Tuesday, August 10, 2010

Attitude Poetry

There’s a fellow poet with whom I was discussing the basics of poetry not long ago; on some things we agree but on others we don’t. That, I suppose, is to be expected.

We both agree that language is basic but each has a different emphasis on the way it should be used. I prefer to keep my words and expressions working the way they usually do. Nouns name things, verbs are action; adjectives describe nouns, adverbs explain action. They fit together in phrases and clauses. My friend will often turn a noun into a movement or a verb into a thing. That’s not new; we “squirrel” things away; a wave is an action or a thing. He just likes to do the same with words we don’t think of using in such a way.

He claims it helps establish “attitude.” Attitude, he says, is the second most important principle of poetry. Here we disagree. Rather than something as tenuous as attitude, I prefer to emphasize the tools used to make poetry —similes, metaphors, images, sound, rhythm, and shape — something he puts much lower on the list. So I began to consider attitude as an integral part of poetry.

Several instances that seemed important crossed my mind.
One occurred when someone read one of my poems before a group; he read it as words on the page, without the expression I would have given the delivery, without my “attitude,” if I could consider it like that. The second, strangely enough, was Cassius Clay/Muhammad Ali with his ‘poems’ not only predicting the outcome of his fights but also the descriptive “Float like a butterfly, sting like a bee,” phrasings that were new to the prizefighting game. Ali had attitude, physical and verbal. His words, his poetry, caught the ear and demanded attention.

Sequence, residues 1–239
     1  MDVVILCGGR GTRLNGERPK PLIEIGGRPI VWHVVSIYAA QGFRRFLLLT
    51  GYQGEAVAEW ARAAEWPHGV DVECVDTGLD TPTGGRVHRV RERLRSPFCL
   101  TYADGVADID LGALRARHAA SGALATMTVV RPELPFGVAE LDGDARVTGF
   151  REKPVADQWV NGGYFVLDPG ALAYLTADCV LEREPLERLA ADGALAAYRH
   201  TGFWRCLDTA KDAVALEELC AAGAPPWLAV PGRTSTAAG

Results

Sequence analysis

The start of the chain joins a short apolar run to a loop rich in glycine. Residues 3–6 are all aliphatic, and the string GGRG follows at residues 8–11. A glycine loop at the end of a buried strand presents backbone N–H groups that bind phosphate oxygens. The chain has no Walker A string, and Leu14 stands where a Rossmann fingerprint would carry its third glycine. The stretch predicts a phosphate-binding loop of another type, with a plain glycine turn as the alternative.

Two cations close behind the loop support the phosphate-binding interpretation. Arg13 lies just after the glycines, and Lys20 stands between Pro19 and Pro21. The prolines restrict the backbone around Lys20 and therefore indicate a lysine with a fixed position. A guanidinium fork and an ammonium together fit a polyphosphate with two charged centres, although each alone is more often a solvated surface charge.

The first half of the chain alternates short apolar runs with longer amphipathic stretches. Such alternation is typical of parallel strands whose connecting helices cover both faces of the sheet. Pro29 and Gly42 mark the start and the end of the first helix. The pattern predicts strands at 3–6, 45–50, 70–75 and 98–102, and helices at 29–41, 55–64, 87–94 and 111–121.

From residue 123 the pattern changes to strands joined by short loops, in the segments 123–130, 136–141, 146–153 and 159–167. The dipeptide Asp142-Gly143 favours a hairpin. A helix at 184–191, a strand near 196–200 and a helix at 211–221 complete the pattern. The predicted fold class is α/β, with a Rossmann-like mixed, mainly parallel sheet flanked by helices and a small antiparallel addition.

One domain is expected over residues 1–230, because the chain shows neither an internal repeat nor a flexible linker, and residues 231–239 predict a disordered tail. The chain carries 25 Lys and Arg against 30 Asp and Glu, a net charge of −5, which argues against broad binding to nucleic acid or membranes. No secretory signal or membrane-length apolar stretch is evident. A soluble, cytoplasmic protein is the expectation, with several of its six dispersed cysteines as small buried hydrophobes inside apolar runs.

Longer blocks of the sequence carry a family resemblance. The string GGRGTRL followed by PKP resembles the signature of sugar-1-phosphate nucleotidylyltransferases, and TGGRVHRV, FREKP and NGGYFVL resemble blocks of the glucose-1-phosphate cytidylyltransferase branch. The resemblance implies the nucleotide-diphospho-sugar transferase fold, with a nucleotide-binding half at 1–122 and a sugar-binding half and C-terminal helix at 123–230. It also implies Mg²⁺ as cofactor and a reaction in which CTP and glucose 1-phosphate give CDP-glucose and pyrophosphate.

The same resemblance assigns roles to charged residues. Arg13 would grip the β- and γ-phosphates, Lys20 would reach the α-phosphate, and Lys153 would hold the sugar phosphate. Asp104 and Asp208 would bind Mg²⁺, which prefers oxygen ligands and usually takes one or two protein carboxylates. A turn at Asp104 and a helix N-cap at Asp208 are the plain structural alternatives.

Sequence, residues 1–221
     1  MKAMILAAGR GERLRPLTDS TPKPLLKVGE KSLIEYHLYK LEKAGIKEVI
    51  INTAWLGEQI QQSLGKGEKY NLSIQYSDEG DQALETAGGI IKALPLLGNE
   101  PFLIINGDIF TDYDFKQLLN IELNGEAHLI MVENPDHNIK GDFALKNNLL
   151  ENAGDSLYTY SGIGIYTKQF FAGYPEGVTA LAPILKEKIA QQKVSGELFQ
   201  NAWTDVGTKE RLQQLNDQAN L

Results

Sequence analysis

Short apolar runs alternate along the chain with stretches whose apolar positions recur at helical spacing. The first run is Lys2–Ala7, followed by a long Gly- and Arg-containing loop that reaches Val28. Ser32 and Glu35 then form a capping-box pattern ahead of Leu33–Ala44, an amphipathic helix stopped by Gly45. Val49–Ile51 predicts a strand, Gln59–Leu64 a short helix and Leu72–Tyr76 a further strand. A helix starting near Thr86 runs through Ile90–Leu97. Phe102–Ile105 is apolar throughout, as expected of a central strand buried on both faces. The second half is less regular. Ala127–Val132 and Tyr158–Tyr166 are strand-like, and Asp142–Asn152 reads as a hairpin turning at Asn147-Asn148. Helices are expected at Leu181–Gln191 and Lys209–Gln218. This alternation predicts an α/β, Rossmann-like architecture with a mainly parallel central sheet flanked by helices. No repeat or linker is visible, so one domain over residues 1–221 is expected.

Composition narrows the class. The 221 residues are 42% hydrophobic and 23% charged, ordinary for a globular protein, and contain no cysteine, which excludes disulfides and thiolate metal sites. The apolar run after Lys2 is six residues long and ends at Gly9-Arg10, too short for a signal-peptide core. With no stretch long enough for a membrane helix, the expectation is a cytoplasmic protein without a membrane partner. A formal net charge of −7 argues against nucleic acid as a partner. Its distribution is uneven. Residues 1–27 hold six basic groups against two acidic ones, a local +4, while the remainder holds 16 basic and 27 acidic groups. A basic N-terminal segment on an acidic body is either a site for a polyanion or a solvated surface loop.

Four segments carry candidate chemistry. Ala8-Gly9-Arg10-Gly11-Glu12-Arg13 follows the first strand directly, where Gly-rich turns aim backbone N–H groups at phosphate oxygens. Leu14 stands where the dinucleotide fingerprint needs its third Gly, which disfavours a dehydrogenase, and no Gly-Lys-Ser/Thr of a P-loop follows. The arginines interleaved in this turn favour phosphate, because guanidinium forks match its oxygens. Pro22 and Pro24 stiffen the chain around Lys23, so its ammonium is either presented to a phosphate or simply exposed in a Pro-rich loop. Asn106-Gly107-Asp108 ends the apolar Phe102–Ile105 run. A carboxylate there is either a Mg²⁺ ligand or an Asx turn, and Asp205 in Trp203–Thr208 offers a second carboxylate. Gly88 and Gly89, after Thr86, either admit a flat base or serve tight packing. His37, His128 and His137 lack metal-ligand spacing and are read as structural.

I’m quite sure that this was what my friend meant by claiming poetry must have attitude. If a poem doesn’t grab and shake its hearers, it might pass away as if it had never been. And in a way this is also a valid point, this emphasis on attitude.

Jamaican-born Dub poetry grew out of this sensibility. Dub doesn’t live by the written word; its vitality lies in its performance. I grant that the tools of poetic language (rhyme, rhythm, etc.) are a vital part, but its attitude is most recognizable. Similarly today’s slam poetry with its aggressive and competitive aspects depends on attitude more than on well-formulated thought progression.

The question of attitude remains for me a matter of balance. Certainly a poem needs something special to make it stand apart from the common flow of words in our lives. However this expressiveness, this attitude, can become a cover hiding flaws, a thick coat of paint over the incipient rot in the wood.

After consideration this emphasis on “attitude” my friend espoused has moved up somewhat in my view of poetry and poetics. But care must be taken. It is too easy to push too hard, to blow too loud, and defeat the whole purpose of the attitude.

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